Skip to main content

See also:

Scientists use pictures of poop to determine Adelie penguin population

 Air Ground Support Officer, Tricky Taylor introduces the Queen's baton to Adelie penguins on December 13, 2005 on Shirley Island, Antartica.
Air Ground Support Officer, Tricky Taylor introduces the Queen's baton to Adelie penguins on December 13, 2005 on Shirley Island, Antartica.
Photo by Getty Images/Getty Images

A recent survey has shown that there are now approximately 53% more Adelie penguins living in Antarctica that previously thought. Although scientists had feared their decline after noting that the birds seemed to be disappearing from the Antarctic Peninsula, satellite images have discovered 17 new colonies elsewhere on the continent, as well as signs of growth in the previously known 49 colonies. As a result quantitative ecologist and assistant professor at Stony Brook University says they now believe that there are “more than 3.79 million pairs of penguins in 251 breeding populations” identified along the Antarctic coast as well as sub Antarctic islands, the only areas in the world where Adelies exist in the wild.

Lynch believes the move from the peninsula was triggered by the fact that rapidly decreasing icre there has led to a sharp decline in the amount of krill, “favored food of the penguins.”

Although the penguin census did not involve more than a few “boots on the ground” to count the birds individually, their numbers were determined via thousands of high resolution satellite imagery of the Adelie’s poop over a period of 10 months. The results not only found that the birds seem to be thriving, the data is also being used as a “baseline” against which scientists can map out future changes in determining areas in need of protection, including limiting the amount of commercial fishing in breeding territories, both for the Adelies as well as other marine life.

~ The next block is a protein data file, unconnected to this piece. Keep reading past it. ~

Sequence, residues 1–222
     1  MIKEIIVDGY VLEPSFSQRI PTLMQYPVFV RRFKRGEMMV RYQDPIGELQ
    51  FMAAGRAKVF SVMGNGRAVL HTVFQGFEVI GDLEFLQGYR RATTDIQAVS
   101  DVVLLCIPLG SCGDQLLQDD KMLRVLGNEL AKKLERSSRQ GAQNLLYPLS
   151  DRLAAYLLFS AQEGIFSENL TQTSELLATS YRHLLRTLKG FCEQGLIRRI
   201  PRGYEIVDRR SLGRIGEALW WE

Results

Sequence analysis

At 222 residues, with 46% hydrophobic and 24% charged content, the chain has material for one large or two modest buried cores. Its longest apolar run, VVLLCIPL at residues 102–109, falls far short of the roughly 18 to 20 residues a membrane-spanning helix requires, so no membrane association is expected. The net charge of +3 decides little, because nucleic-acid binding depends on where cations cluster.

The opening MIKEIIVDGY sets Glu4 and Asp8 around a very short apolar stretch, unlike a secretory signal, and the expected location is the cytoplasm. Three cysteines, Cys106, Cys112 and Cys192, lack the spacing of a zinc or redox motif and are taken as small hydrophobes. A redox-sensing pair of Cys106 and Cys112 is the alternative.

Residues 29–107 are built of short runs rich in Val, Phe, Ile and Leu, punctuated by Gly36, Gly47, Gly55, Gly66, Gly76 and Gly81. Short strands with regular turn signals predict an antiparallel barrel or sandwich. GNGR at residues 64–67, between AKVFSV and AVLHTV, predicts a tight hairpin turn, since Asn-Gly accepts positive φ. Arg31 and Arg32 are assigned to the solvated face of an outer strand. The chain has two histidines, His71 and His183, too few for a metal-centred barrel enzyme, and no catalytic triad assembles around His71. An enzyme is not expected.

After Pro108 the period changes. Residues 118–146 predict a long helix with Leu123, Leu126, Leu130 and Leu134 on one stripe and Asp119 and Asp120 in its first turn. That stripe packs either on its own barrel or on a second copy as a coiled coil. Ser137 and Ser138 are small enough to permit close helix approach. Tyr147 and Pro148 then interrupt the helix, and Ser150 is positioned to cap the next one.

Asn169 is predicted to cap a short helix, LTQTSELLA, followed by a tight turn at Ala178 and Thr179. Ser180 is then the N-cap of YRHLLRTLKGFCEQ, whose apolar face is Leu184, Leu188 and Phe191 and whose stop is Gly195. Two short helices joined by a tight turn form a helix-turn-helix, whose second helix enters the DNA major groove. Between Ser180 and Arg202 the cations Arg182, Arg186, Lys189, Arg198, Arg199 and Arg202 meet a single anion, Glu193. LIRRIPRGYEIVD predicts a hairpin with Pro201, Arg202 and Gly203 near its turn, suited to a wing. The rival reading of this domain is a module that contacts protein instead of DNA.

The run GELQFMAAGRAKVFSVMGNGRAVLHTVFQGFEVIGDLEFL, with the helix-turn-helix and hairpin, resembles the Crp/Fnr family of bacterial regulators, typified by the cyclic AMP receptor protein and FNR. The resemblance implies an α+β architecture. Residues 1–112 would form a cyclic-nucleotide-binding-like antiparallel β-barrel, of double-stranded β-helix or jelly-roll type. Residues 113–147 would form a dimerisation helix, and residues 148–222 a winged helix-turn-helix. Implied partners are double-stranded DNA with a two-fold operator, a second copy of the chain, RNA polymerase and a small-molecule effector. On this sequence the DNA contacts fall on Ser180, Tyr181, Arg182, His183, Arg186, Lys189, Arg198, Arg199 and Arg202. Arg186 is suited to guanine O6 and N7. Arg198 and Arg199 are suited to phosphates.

Adelie penguins, which stand about 18”-30” tall and weigh anywhere from 8-13 lbs, are further distinguished by their mostly black bodies, white bellies and white rings around their eyes, as well as long facial fethers with obscure most of their red bills. Breeding pairs lay two eggs anywhere from October to February, which are incubated for 32-34 days. Both parents take turns sitting on the eggs, usually in shifts of up to 12 days each. Chicks usually remain in their stony nests for 22 days and are ready to swim out to sea by the time they are two months old. First discovered by a French expedition in 1840, the penguins were named for the wife of the team’s leader.